Terry of Lewiston, Idaho, has always led an active lifestyle, from working on home improvement projects to playing characters like the Tin Man and Idaho Governor William Wallace in local theatre productions. Every year, he looks forward to the month of October when he puts his passion for both woodworking and acting to use by setting up a 1,500-square-foot haunted house in front of his garage. In 2009, however, his favorite hobbies and projects became more difficult when he had a growth removed from his right ankle. The operation left him in pain and with minimal soft tissue lining the ankle joint. He was told he would eventually need an ankle replacement.
Over the next several years, Terry continued to experience pain in his ankle, disrupting his day-to-day life in small ways. He could no longer easily spend time standing on stage or working on arduous construction projects for hours at a time without resting. An avid power walker, he regularly found himself “power limping” instead, and walking up and down stairs was difficult.
By 2015, Terry was experiencing such pain in his ankle that he knew he needed to find a solution. “I would be on it for half an hour and would need to be off my feet for the rest of the day,” Terry said. He mentioned his bad ankle to a friend, who recommended he visit Dr. Timothy Flock of Lewiston Orthopaedics to learn if he was a candidate for a total ankle replacement. Coincidentally, Dr. Flock was the physician who had previously removed the growth from Terry’s ankle.
“I went home and told my wife Dr. Flock was doing ankle replacements now, and she got right on the phone to set up an appointment,” Terry said. “I tried to tell her it wasn’t the right time for me, but she said, ‘It will never be the right time; we’re getting you in!’”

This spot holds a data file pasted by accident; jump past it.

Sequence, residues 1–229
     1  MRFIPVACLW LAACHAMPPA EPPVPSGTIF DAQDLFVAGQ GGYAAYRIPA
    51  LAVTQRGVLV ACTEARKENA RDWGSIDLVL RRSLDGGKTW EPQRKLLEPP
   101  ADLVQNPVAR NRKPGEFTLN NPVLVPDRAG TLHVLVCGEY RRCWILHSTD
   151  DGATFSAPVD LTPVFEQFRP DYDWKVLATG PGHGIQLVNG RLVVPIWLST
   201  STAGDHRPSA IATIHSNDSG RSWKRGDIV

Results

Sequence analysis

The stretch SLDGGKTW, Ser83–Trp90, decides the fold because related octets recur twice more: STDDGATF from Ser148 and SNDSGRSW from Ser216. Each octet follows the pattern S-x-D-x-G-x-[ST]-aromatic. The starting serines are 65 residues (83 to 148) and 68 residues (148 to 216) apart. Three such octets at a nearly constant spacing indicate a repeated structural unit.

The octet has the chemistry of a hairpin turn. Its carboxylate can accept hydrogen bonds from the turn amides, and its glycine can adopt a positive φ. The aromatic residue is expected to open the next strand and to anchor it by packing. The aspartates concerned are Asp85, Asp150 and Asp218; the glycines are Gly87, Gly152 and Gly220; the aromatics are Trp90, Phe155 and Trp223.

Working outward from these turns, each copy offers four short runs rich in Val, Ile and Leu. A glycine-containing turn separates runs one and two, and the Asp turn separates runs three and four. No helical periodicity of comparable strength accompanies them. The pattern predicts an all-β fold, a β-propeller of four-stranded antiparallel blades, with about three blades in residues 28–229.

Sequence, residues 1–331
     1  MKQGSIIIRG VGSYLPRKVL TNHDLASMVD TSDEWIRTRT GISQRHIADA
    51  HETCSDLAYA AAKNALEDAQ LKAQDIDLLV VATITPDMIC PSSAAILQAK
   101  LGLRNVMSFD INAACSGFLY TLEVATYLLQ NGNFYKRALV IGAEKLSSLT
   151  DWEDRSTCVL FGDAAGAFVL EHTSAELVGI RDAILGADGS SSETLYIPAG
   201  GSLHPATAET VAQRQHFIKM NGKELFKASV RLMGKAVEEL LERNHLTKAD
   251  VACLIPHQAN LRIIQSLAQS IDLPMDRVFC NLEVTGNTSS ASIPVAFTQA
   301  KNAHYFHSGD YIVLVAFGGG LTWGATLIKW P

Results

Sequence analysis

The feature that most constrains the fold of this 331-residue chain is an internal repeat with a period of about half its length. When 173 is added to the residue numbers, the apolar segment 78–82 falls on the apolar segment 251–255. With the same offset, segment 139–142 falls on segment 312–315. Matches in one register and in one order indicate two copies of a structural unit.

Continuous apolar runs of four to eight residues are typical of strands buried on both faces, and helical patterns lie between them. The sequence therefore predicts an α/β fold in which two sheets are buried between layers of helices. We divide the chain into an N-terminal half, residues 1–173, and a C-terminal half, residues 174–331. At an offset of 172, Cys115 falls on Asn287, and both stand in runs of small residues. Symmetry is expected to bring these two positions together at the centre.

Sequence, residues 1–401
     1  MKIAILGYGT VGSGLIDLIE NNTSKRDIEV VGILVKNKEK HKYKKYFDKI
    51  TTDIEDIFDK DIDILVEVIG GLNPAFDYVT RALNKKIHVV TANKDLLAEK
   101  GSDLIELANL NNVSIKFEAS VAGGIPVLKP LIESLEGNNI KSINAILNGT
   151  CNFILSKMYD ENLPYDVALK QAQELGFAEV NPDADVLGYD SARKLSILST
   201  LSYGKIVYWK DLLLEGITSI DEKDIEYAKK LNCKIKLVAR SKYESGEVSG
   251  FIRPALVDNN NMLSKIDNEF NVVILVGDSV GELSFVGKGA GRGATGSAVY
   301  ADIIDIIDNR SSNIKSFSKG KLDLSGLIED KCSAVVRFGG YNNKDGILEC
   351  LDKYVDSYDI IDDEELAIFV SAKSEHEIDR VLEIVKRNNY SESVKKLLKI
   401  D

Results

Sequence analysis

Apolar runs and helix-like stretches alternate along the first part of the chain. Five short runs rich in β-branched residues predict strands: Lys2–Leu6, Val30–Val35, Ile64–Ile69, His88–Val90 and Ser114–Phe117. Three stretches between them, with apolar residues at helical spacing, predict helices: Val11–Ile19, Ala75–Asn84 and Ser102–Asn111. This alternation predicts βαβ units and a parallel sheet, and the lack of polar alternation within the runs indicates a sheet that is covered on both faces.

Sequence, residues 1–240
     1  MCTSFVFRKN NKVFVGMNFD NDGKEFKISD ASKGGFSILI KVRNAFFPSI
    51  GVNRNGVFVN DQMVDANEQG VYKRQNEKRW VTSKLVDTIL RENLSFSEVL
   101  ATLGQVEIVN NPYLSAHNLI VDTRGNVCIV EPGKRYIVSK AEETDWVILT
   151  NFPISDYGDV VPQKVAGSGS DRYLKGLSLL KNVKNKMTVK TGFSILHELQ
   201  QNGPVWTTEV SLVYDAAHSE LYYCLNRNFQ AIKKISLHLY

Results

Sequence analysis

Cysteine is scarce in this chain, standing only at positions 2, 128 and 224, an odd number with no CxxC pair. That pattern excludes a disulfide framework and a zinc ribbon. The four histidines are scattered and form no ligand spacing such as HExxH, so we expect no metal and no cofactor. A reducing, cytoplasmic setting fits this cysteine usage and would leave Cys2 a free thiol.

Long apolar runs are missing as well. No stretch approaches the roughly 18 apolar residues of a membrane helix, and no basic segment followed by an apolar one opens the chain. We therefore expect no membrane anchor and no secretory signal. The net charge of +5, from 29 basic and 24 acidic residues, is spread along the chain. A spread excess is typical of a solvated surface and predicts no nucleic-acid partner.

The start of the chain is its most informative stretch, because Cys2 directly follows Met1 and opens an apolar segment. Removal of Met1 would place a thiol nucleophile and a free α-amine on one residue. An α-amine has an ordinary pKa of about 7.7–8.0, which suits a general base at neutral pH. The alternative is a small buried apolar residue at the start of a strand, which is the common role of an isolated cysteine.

On September 8, 2016, Dr. Flock implanted the INFINITY™ Total Ankle Replacement in Terry’s right ankle. He stayed in the hospital overnight and returned home the next day in an ankle brace. A week later, he was already back at work recovering nicely, wearing a cast and using crutches to get around. Two weeks after that, he had migrated to a walking boot and started physical therapy. Within six weeks, he was walking on his own.
The INFINITY™ Total Ankle Replacement is intended to be used to treat patients with ankle joints damaged by severe arthritis or a failed previous ankle surgery. The INFINITY™ Total Ankle Replacement is intended to give patients limited mobility by reducing pain and restoring movement in the ankle.
Not everyone is a good candidate for the INFINITY™ Total Ankle Replacement. Talk to your doctor to discuss your lifestyle and health to find out if surgery with the INFINITY™ Total Ankle Replacement is a good option for you.
Since receiving his new ankle, Terry can once again more easily take part in his day-to-day activities, including home improvement projects, power walking and janitorial work at his church. He’s no longer hobbling up and down stairs, and he looks forward to putting together his annual haunted house this October.
“I’m so glad that I got it done,” Terry said. “I’ve been putting Christmas decorations away, and it’s so nice to not have to sit down in between lifting boxes. I can do anything involving standing up and walking around much more easily.”
Many factors contribute to the length of hospital stay and rehabilitation. These factors include, but are not limited to, your age and health at the time of surgery as well as your surgeon’s determination of the appropriate hospital stay and rehabilitation. Additionally, there are risks associated with ankle replacement surgery such as pain and bruising, damage to blood vessels or nerves, infection, or blood clots that can travel to your heart or lungs. If you experience these complications, your hospital stay may be extended.
These results are specific to this individual only. Individual results and activity levels after surgery vary and depend on many factors including age, weight and prior activity level. There are risks and recovery times associated with surgery and there are certain individuals who should not undergo surgery.